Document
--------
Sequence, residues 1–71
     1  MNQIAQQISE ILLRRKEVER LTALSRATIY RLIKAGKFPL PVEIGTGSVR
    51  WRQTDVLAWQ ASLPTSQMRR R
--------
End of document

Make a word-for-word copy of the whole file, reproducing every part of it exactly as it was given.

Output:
Sequence, residues 1–71
     1  MNQIAQQISE ILLRRKEVER LTALSRATIY RLIKAGKFPL PVEIGTGSVR
    51  WRQTDVLAWQ ASLPTSQMRR R